According to the data included in the second edition of the European Cannabis Report, prepared by the analysts of Prohibition Partners (a London-based consultancy and market analysis company), the market value of industrial cannabis is estimated at 520,000 euros.
While for medical cannabis (THC/CBD), the turnover (potential, as there is no domestic pharmaceutical production) is 580,000 billion euros.
However, considering the exponential increase in the last year, the first estimate has probably lost relevance in the case of CBD.
Ireland has already legalized cannabidiol products, and you can now buy CBD on Justbob!
But what about the hemp and CBD business in Ireland?
Industrial system and trade
During 2017, the Irish hemp market grew significantly: the Irish Health Products Regulatory Authority (HPRA) reported a 200% increase in the area under hemp cultivation with a 41% increase in the number of licences issued (17 in 2017 for 76.45 ha; 24 licences as of 20 July 2018, for an area of approximately 230 ha).
As Brian Houlihan, Curator of the Dublin Hemp Museum, pointed out, interest in hemp has increased with the establishment, in the last 12 months, of the Hemp Cooperative Ireland, a national reference point for companies interested in growing and processing fibre and seed hemp or trading goods derived from it.
A decade ago, 48 licences were issued for emerging biomass production, which was then compromised – a fate common to several other industries – by the financial and economic crisis of 2007-2010.
The market revival is also attributable to CBD’s success in herbal, food and cosmetic products available for sale in parapharmacies and specialized shops.
In fact, CBD is legal in Ireland and most European countries!
The distinction between CBD as a freely available product and CBD-containing medicines is essential to avoid consumer misunderstandings and ‘grey areas’, both legally and in terms of corporate responsibility for the sale and presentation of the product.
For the supply of genetically unmodified seeds (as well as materials and advice to farmers), we mention Fruit Hill Farm, which started 30 years ago as a small organic farm.
Active in the field of green building, The Traditional Lime Company, located south of Dublin, supplies hemp lime to the Hemp Building company, which promotes courses and consultancy activities.
The development of bio-composites as building materials is the subject of renewed interest by the Irish Government, which is encouraging research by the Dublin Institute of Technology, which is responsible for technical and commercial support for the promotion of hemp in the building sector.
Historically, hemp was cultivated in Ireland in the 18th century, although no trade was initiated. In the 20th century, between 1938 and 1945, some plots of land were converted to hemp to produce bird feed. In the 1960s, the first scientific studies on cultivation began, using the fibre varieties ‘Fibrimon’, with a total yield of 10 t/ha (2.5 t/ha for fibre).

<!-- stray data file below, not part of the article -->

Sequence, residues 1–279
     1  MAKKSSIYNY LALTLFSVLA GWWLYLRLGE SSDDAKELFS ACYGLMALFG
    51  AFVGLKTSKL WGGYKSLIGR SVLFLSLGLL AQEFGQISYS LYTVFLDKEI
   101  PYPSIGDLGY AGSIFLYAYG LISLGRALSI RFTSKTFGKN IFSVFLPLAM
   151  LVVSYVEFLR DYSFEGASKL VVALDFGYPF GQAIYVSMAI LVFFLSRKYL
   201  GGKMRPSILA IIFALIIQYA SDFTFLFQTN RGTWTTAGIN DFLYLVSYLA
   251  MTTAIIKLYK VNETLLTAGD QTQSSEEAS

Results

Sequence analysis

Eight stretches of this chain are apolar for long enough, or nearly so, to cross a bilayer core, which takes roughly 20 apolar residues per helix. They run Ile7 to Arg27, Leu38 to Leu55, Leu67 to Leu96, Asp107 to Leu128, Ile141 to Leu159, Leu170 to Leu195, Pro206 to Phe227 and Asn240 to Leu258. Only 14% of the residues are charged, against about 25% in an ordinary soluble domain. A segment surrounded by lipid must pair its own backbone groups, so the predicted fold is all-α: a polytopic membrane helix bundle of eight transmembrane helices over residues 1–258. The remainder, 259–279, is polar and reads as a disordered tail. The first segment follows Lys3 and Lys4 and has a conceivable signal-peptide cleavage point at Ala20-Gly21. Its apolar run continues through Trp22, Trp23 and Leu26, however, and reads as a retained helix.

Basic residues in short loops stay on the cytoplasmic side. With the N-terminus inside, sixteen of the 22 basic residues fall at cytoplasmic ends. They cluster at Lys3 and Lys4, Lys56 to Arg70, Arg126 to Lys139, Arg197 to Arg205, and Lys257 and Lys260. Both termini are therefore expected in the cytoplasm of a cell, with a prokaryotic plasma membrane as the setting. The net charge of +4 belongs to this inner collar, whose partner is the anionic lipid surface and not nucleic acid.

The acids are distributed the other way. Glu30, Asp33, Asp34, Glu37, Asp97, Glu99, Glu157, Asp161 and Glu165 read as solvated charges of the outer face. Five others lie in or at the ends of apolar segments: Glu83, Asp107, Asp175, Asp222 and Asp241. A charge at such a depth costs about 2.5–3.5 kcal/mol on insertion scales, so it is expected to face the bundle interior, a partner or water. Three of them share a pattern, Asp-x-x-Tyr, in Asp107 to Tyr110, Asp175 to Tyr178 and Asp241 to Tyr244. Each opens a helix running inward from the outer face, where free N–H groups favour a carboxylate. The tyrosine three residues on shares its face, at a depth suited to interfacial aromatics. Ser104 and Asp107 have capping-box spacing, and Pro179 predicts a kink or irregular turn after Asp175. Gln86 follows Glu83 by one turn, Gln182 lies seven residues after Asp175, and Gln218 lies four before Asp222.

The quality of the yarns obtained from the processing was slightly below the British standard. Given the price trend, hemp was not considered a sustainable raw material for papermaking.
In other European national contexts, research into industrial (non-food) uses for hemp has been undertaken in the country since the late 1980s. However, the high yield and the variety of possible uses have promoted a revaluation of the crop, especially since 1995.
In this context, there were two primary needs: implementing low-THC varieties and identifying domestic demand.
Without a paper industry, the options were to produce bio-fuels and fibreboard. Both options required the availability of uncultivated areas that the land (with the reduction of the set-aside regions) could not granulate, despite the prospects opened up by the Common Agricultural Policy (CAP) and economic cohesion strategy defined in 1997 by the European Commission (better known as ‘Agenda 2000’).
The early 2000s saw a Dublin-based Company (now a permanent member of the EIHA) selling food and hemp fibre clothing.
At the time, the focus was on renewable energy and fibre as an insulation material: hemp could replace wood and petrochemicals.
Despite the possibility of growing it in compliance with current European standards and special conditions, the connection with cannabis, a ‘controlled substance’ under the drug law, discouraged its production (in 2004, 3 licences were issued).
Furthermore, tests carried out in 2001 on hemp by the National Authority for Agriculture and Food Development (Teagasc) had positive results (the humid and temperate climate allows production in different areas of the country), in itself a reasonable basis for the re-launch of the crop by small farmers.
However, despite subsequent validations for industrial use, the lack of processing facilities and investments inhibited its development for over a decade.
According to the latest European Drug Observatory Report, cannabis use among the 15-34-year-old population is estimated at 13.8% in the last year.
The National Drug Strategy 2017-2025 focuses on ‘harm reduction’ and rehabilitation from drug and alcohol use. Launched in July 2017, it is the third long-term drug strategy document adopted by the government. Still, it is the first case of an ‘integrated’ approach to illicit drug and alcohol use, in which health, quality of life and public safety are placed on a horizontal level.
Selective prevention programmes target at-risk groups of the population, including children of drug users, early school leavers and those involved in ‘anti-social’ behaviour.
Several selective interventions provided by the ‘Drugs Task Forces’ include local and regional ‘awareness-raising’ initiatives, especially in socially and economically disadvantaged communities. Interventions are also funded by the Youth Services Fund, which aims to prevent drug abuse by developing sports and recreational facilities and activities.